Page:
[20] Downscaling was conducted by multiple linear regressions on the eight leading EOFs of monthly anomalies in predictor fields and the time series of temperature at each of the 1875 DE grid points in the region, with the annual cycle and linear trend removed (as in Murphy [1999]). The algorithms of Benestad [2004a] were used to fit the predictor-predictand relationship to a fifth-order polynomial in time. Full-year time series maximized training data density, and full-year monthly projections were generated for the years 1997–2087. Since previous comparative studies highlighted changes in the strength of predictor/predictand relationships, seasonal cycles, and spatial patterns of regional temperature change, we did not perform variance inflation [Karl et al., 1990b] to adjust variance.

[21] In order to quantify SD sensitivity to model parameters, we selected predictor variables and predictor domains for study and downscaled using every combination of parameters. We then selectively evaluated predictor resolution and predictor/predictand data sources. Predictor Variables

[22] In order to yield the most direct comparison between statistical and dynamical downscaling, we downscaled variables from the same GISS-GCM simulation used to drive the RCM in Lynn et al. [2004] (see also Lynn et al., submitted manuscript, 2005). Most statistical downscaling studies to date have generated predictions based in part on free atmospheric variables, with the rationale that these are better simulated in GCMs than surface variables. As a result, a primary source of uncertainty in downscaling under climate change scenarios is the extent to which observed relationships between large-scale predictor variables and downscaled predictands will remain consistent under altered climate regimes. Murphy [2000] notes that both dynamical and statistical estimates of downscaled surface warming may be misleading because the link between TSFC and 850 mb temperature (T850) in GCMs are often stronger than the corresponding link found in observations, and it may be that GCMs do not simulate T850 substantially better than they simulate TSFC. The GISS-GCM appears to fit this description, as spatial patterns in JJA TSFC and T850 are strongly correlated over the study and predictor domains, and their biases (−2 to +3°C) are of the same magnitude and spatial distribution.

[23] Some early studies showed a strong agreement between daily GCM-simulated series of TSFC and observed values at single locations [Portman et al., 1992; Robinson et al., 1993] or averaged over only a few (three or fewer) stations [Rind et al., 1989]. Furthermore, Benestad [2003] found that large-scale surface predictor fields from GCMs, including MSLP, explained observed regional surface-level variance over northern Europe better than free atmospheric circulation indices, and Benestad [2004b] then used GCM 2 m surface temperature as a sole predictor for downscaled TSFC. Since local temperature under increased atmospheric CO2 may be dominated by changes in the radiative properties of the atmosphere rather than changes in upper atmosphere circulation, employing the large-scale TSFC field from the GCM as a predictor may be an effective means of capturing the climate change signal [Dehn and Buma, 1999].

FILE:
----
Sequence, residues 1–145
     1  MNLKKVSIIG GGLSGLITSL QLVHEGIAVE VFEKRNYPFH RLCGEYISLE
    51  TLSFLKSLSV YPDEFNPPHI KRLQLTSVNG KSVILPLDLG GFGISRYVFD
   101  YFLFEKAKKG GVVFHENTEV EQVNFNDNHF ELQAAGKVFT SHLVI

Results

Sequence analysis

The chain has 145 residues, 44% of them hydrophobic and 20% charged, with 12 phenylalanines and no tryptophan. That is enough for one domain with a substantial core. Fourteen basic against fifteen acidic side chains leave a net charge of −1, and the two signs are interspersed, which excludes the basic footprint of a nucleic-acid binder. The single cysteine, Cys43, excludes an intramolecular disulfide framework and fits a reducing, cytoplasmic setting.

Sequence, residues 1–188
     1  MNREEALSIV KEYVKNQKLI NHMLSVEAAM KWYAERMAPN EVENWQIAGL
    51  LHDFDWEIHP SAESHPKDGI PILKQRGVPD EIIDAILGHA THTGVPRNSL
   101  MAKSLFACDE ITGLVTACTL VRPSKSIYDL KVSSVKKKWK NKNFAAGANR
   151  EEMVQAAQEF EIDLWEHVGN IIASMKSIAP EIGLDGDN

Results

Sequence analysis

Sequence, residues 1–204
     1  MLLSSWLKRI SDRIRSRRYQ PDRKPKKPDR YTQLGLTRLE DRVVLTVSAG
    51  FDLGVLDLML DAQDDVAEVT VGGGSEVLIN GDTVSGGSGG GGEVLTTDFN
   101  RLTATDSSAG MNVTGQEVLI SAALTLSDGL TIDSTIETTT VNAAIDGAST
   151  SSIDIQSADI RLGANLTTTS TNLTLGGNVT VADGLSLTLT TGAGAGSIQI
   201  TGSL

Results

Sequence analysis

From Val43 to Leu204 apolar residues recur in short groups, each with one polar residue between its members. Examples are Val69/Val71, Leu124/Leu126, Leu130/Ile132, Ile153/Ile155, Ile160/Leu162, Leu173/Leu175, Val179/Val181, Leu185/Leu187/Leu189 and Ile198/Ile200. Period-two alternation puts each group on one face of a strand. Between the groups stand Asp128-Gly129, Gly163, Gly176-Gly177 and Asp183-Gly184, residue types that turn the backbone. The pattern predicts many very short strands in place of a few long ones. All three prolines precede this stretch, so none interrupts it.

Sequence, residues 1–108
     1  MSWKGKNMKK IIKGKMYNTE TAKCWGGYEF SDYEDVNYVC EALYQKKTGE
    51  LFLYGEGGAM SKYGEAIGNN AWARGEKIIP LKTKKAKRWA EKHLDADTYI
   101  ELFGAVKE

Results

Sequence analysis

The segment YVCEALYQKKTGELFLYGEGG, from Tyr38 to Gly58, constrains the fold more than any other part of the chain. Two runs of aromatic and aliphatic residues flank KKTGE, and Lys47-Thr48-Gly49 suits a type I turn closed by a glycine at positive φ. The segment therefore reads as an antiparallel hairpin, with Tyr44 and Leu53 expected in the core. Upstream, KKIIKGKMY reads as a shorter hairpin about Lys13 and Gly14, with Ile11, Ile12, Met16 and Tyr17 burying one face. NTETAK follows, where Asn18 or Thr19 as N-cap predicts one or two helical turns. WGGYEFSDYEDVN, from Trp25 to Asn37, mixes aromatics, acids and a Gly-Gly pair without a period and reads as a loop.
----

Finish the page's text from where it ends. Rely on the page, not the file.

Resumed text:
[24] Following Hanssen-Bauer et al. [2003], we selected TSFC and MSLP a priori as predictor variables to create a parsimonious “base case” predictor set for flexible, global application independent of season or location. Two predictors were assessed: TSFC alone, and a mixed field (TP) of TSFC and MSLP concatenated, with the combined field decomposed into principal components [Benestad et al., 2002]. These two fields meet the criteria for successful predictors [Wilby et al., 2004], consistently explain significant variance in global land surface temperature, capture climate change signals, and are the most frequently chosen predictors for TSFC when stepwise regression is conducted using all available GCM output and derived variables [Murphy, 1999]. As a result, they represent an effective minimal set to which additional geographically specific predictors may be added. Finally, these variables are common to climate models, reanalyzed and gridded climate data sets; and have reasonably long and dense global in situ and remote observational records. Predictor Domain

[25] If a predictor domain larger than the single proximate grid cell is considered, the domain that best describes the relationship between large-scale influences and local effects for a particular climate variable at any point may change dramatically if climatic changes alter synoptic patterns. While Huth [2002] found that the size of the predictor domain had a negligible influence on downscaled daily TSFC in six nations in central and western Europe under contemporary conditions, Benestad [2001] found that the choice of predictor domain impacted climate change trend estimates.